Food for thought

The Financial Express, July 27, 2008

By Siddhartha Mitra

The Uruguay Round of the General Agreement on Tariffs and Trade (GATT) resulted in a decline in the tariffs imposed by developed countries to negligible levels. This was a matter of considerable jubilation for developing countries as their exports could now enter developed country markets more easily. Indeed experts reasoned that in the new era of almost complete openness in trade, countries could now specialise in areas of their comparative advantage to maximise productivity and then use the exchange mechanism underlying trade to augment welfare.

Thus, it was pointed out that self-sufficiency in food grains was no longer required by a country as it could meet its food grain deficits through resources generated from exports. The only people that emphasised self-reliance in food grains were stoic nationalists, who did not want to depend on other countries for their daily bread or bow to the cold logic offered by economists. The subsequent turn of events has vindicated the stand taken by such nationalists and defeated the cold logical arguments offered by pedants.

The above developments can be explained in the following manner. When developing countries pulled at and demolished the traditional system of tariff barriers to trade, they expected easier entry of their primary products into developed countries. Instead, most developed countries came up with an even more deadly and sophisticated set of barriers to agricultural trade which were promoted under the garb of national self interest. These were termed as Technical Barriers to Trade (TBT) and Sanitary and Phyto-Sanitary (SPS) Measures. TBT were linked to product and process specifications. For example, using such restrictions an export consignment of mangoes can be returned if they are not of a certain hue or size or if the processes used for cultivation have not met certain requirements.

SPS measures on the other hand try to anticipate the danger caused to human, plant and animal health by export consignments through tests for concentrations of chemicals and pesticide residues. A ceiling is set for concentrations of residues in consignments. Consignments which exhibit concentrations exceeding this ceiling are returned to the country of origin by the importing country. These barriers have become so important that in a single year from August 2002 to July 2003, the US Food and Drug Administration rejected 630 Chinese shipments of agricultural and aquatic products. These barriers can therefore be a source of considerable loss for the exporting country.

India too has come under the hammer of such barriers and is likely to do so again and again in the future. The government has tried to tackle such barriers by promoting agricultural exporting zones in select crops. These zones try to encourage organic cultivation of cash crops, fruits and vegetables as such cultivation does not involve the use of chemical fertilizers and pesticides and therefore minimises the chances of rejection of exports because of SPS and TBT regulations.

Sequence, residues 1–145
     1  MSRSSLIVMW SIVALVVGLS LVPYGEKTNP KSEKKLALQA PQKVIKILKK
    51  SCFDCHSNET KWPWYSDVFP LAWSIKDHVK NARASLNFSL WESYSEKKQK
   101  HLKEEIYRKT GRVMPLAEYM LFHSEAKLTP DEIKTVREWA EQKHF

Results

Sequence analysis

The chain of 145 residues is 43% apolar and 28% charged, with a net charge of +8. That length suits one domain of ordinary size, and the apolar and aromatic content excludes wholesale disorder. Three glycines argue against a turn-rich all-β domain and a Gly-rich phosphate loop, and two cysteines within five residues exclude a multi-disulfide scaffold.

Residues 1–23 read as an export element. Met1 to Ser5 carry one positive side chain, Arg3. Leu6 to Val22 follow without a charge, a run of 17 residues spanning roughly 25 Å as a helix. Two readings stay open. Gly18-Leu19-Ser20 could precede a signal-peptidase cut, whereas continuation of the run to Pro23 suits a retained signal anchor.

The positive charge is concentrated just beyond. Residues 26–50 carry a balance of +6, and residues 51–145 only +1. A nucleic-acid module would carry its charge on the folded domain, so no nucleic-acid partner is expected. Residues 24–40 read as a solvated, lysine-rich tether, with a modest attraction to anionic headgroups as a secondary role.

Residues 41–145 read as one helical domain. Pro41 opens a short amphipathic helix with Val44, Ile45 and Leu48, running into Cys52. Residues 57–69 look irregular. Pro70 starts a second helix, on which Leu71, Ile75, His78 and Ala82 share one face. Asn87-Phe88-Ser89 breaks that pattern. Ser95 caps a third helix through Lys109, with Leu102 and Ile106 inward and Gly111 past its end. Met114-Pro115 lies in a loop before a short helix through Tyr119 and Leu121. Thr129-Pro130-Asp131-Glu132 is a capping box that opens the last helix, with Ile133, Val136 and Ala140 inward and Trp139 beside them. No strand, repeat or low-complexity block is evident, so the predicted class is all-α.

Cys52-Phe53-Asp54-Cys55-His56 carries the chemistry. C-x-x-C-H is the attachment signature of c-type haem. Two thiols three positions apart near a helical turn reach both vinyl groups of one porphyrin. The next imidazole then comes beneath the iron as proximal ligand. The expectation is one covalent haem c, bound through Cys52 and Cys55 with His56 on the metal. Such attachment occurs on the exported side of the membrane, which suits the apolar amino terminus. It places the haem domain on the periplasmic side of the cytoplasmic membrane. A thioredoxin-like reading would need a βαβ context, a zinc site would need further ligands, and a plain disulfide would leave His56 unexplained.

It must be remembered though that organic cultivation is not only more labour intensive than conventional cultivation, but also involves un-remunerative crop rotation which diminishes income of the farmer. Moreover, organic yields are often lower then conventional yields. Further, the price premium provided for organic produce in international markets often is not high enough to compensate for the various increases in cost that a switch to organic farming entails and justify such cultivation for exports. The silver lining is that niche markets for organic products are projected to grow in the immediate future and price premiums being offered for them are also likely to widen.

The implication of the above discussion is that a country cannot rush headlong into specialisation in crops for export. Given the various cost increases that a switch from conventional to organic farming involves, the decision to produce organic crops has to involve a careful comparison of underlying costs and benefits. The decision to farm organically for export should be taken only if the benefits over-compensate the attendant costs. Thus, the above considerations dictate that crops can be cultivated for agricultural export only to a limited extent. In cases where the price premium being offered for organic produce in the international market does not compensate for the decrease in yields caused by a switch to organic farming or the attendant increases in costs, such a switch is not justified.

Thus, the traditional argument about focusing on areas of comparative advantage does not go through in the changed scenario as this very comparative advantage has been distorted by the mentioned non-tariff barriers. Therefore, a large-scale switch from food grain cultivation to export-oriented production which would then pay for resulting food grain deficits is no longer feasible. Indeed such a strategy could be dangerous and result in a massive net drain of foreign exchange reserves with the inflows from agricultural exports nowhere matching the outflows due to food grain imports.

To conclude, the need for self reliance in food grains still holds in today’s seemingly open but much more strategic world. The stoicism of nationalists emerges triumphant over the cold logic of the economic rationalist. In economics, like in life, the heart should sometimes be allowed to rule over the head.

The author is Director (Research), CUTS International, a leading research, advocacy and networking group and can be reached at

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